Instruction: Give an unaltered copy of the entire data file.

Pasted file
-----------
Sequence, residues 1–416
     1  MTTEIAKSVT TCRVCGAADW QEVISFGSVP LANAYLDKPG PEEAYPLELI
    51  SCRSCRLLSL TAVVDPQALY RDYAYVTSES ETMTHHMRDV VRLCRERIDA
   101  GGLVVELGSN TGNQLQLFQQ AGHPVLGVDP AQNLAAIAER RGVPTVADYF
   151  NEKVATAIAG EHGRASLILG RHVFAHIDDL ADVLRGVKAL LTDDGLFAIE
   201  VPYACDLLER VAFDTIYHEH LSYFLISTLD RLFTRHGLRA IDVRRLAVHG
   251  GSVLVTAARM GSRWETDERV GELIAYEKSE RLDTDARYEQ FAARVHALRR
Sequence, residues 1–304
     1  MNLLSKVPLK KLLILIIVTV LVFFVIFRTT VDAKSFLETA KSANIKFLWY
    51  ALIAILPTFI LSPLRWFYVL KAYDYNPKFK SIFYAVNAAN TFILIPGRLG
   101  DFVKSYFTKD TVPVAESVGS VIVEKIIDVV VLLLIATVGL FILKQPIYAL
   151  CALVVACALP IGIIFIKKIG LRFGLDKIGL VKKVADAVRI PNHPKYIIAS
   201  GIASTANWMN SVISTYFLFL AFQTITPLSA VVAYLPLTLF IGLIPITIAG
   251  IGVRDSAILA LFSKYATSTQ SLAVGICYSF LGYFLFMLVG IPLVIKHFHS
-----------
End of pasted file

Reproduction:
Sequence, residues 1–416
     1  MTTEIAKSVT TCRVCGAADW QEVISFGSVP LANAYLDKPG PEEAYPLELI
    51  SCRSCRLLSL TAVVDPQALY RDYAYVTSES ETMTHHMRDV VRLCRERIDA
   101  GGLVVELGSN TGNQLQLFQQ AGHPVLGVDP AQNLAAIAER RGVPTVADYF
   151  NEKVATAIAG EHGRASLILG RHVFAHIDDL ADVLRGVKAL LTDDGLFAIE
   201  VPYACDLLER VAFDTIYHEH LSYFLISTLD RLFTRHGLRA IDVRRLAVHG
   251  GSVLVTAARM GSRWETDERV GELIAYEKSE RLDTDARYEQ FAARVHALRR
Sequence, residues 1–304
     1  MNLLSKVPLK KLLILIIVTV LVFFVIFRTT VDAKSFLETA KSANIKFLWY
    51  ALIAILPTFI LSPLRWFYVL KAYDYNPKFK SIFYAVNAAN TFILIPGRLG
   101  DFVKSYFTKD TVPVAESVGS VIVEKIIDVV VLLLIATVGL FILKQPIYAL
   151  CALVVACALP IGIIFIKKIG LRFGLDKIGL VKKVADAVRI PNHPKYIIAS
   201  GIASTANWMN SVISTYFLFL AFQTITPLSA VVAYLPLTLF IGLIPITIAG
   251  IGVRDSAILA LFSKYATSTQ SLAVGICYSF LGYFLFMLVG IPLVIKHFHS